Friday, April 19, 2013

Puerto Rico Statehood: Pedro Pierluisi To Submit Bill To Congress Addressing Island's Status


The Huffington Post  |  By  Posted: Puerto Rico’s New Progressive Party may not wait for another referendum before pushing forward with its bid to make the island the 51st state.
The island’s pro-statehood Resident Commissioner Pedro Pierluisi told the U.S. Congress Wednesday that he’d submit “stand-alone legislation” to address Puerto Rico’s status. His office told The Huffington Post that Pierluisi plans to file the bill by mid-May.

It’s still not clear what exactly that legislation will entail.

The White House budget submitted to Congress last week included $2.5 million to hold another referendum on Puerto Rico’s status. Pierluisi said Wednesday that his legislation would “complement President Obama’s request.”  “The only way to resolve the island’s status is through statehood or national sovereignty,” Pierlusi told Congress. “Puerto Rico cannot resolve its status by maintaining the same undemocratic status that my people have endured since 1898 and that they soundly rejected in November.”

But a committee formed by his party to deal with the status question recommended foregoing another referendum and simply submitting legislation asking Congress tomake Puerto Rico a full-fledged U.S. state. The PNP will vote on the recommendation on April 29, according to Puerto Rican daily El Nuevo Día.  The two-part, non-binding plebiscite held in November energized the statehood movement, though the idea failed to win a majority of the votes cast.

The first question asked whether voters wanted to maintain their current relationship with the United States. Some 52.4 percent of voters said they did not. The second question asked whether voters wanted Puerto Rico to become a U.S. state, an independent country or a freely associated sovereign state -- a type of independence in close alliance with the United States. Remaining a U.S. commonwealth wasn’t an option on the second question.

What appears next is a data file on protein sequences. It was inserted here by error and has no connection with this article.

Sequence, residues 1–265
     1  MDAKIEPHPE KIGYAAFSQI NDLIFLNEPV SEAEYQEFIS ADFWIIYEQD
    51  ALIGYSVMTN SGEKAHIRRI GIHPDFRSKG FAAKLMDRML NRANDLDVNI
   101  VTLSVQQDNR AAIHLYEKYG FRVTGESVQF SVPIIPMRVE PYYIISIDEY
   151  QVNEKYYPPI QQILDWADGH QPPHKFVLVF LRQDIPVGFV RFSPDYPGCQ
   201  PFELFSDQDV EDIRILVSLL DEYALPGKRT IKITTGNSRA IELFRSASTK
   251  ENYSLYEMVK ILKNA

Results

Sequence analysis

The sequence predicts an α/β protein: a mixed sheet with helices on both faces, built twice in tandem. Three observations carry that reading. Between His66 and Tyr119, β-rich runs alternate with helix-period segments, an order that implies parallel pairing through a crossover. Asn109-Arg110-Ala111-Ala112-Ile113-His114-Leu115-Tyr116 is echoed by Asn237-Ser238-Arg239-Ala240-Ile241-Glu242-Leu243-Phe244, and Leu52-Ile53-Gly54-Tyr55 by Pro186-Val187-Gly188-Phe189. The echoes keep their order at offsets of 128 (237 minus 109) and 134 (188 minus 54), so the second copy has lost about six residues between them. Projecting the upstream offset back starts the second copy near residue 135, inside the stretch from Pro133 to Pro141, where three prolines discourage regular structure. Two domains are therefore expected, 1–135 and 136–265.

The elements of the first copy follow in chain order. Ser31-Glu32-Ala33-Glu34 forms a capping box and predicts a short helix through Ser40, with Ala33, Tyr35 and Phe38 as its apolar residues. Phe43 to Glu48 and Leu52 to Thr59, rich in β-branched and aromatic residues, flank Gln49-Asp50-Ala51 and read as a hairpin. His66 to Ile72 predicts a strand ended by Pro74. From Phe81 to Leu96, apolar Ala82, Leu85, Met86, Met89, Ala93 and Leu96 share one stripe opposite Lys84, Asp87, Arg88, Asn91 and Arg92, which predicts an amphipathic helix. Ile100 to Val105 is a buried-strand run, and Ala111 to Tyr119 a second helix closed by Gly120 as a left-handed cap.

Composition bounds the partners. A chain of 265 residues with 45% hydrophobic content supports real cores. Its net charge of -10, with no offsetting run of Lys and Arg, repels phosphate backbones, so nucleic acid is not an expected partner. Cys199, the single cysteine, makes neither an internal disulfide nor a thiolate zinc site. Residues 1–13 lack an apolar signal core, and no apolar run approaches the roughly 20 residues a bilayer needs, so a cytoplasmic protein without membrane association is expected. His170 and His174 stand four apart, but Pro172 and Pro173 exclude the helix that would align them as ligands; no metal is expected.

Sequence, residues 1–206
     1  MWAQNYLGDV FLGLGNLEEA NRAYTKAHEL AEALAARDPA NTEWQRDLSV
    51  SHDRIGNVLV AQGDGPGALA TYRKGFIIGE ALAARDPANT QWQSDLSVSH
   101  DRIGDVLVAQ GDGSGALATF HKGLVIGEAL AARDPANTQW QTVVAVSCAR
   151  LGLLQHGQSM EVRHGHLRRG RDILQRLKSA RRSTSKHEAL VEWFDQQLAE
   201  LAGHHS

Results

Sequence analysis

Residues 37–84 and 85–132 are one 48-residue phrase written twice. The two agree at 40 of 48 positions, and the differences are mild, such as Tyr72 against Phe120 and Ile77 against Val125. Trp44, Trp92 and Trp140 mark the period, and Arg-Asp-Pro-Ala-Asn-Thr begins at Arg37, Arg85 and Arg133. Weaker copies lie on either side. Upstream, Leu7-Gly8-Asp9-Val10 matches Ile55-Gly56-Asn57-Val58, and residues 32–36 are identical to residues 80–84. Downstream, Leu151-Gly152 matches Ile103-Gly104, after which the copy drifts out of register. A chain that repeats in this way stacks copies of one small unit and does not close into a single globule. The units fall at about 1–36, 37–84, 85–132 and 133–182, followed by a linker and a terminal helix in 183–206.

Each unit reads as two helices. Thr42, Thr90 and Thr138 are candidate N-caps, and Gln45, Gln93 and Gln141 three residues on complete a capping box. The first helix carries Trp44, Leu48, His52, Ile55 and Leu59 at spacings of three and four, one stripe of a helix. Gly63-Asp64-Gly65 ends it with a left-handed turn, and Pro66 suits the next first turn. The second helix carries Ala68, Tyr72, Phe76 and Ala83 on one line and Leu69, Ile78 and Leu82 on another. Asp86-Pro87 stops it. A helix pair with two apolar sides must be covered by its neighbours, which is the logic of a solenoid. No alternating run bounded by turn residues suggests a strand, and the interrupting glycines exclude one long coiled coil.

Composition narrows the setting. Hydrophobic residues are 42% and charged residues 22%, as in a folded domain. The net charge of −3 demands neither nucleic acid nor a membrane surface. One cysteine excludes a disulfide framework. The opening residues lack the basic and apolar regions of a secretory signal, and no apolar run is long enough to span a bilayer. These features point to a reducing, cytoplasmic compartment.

Statehood won the largest share of votes, but more than 480,000 voters cast blank ballots on the second question, leaving statehood with only 44.9 percent of the total. Support for the idea may have grown since then. A poll released this month, conducted jointly by Suffolk University and the University of Turabo in Puerto Rico, found that 70 percent of the island’s voters favored statehood, El Nuevo Día reports.

The White House recommendation for a new plebiscite didn’t seem like much of a vote of confidence for the referendum held on Nov. 6, though it acknowledged that a majority of the island’s voters aren’t happy with the status quo. The budget item says the U.S. Attorney General would have to approve the plebiscite’s terms.

Complicating matters, Pierluisi doesn’t see eye-to-eye on the statehood issue with the island’s governor, Alejandro García Padilla. A proponent of keeping the status quo, García Padillo called for his supporters to cast blank ballots on the second question in the Nov. 6 referendum. García Padilla said last week that he’s waiting to see what the White House will do before taking action on the status issue.

Puerto Rico has remained a U.S. commonwealth despite voting on its status four times since 1967.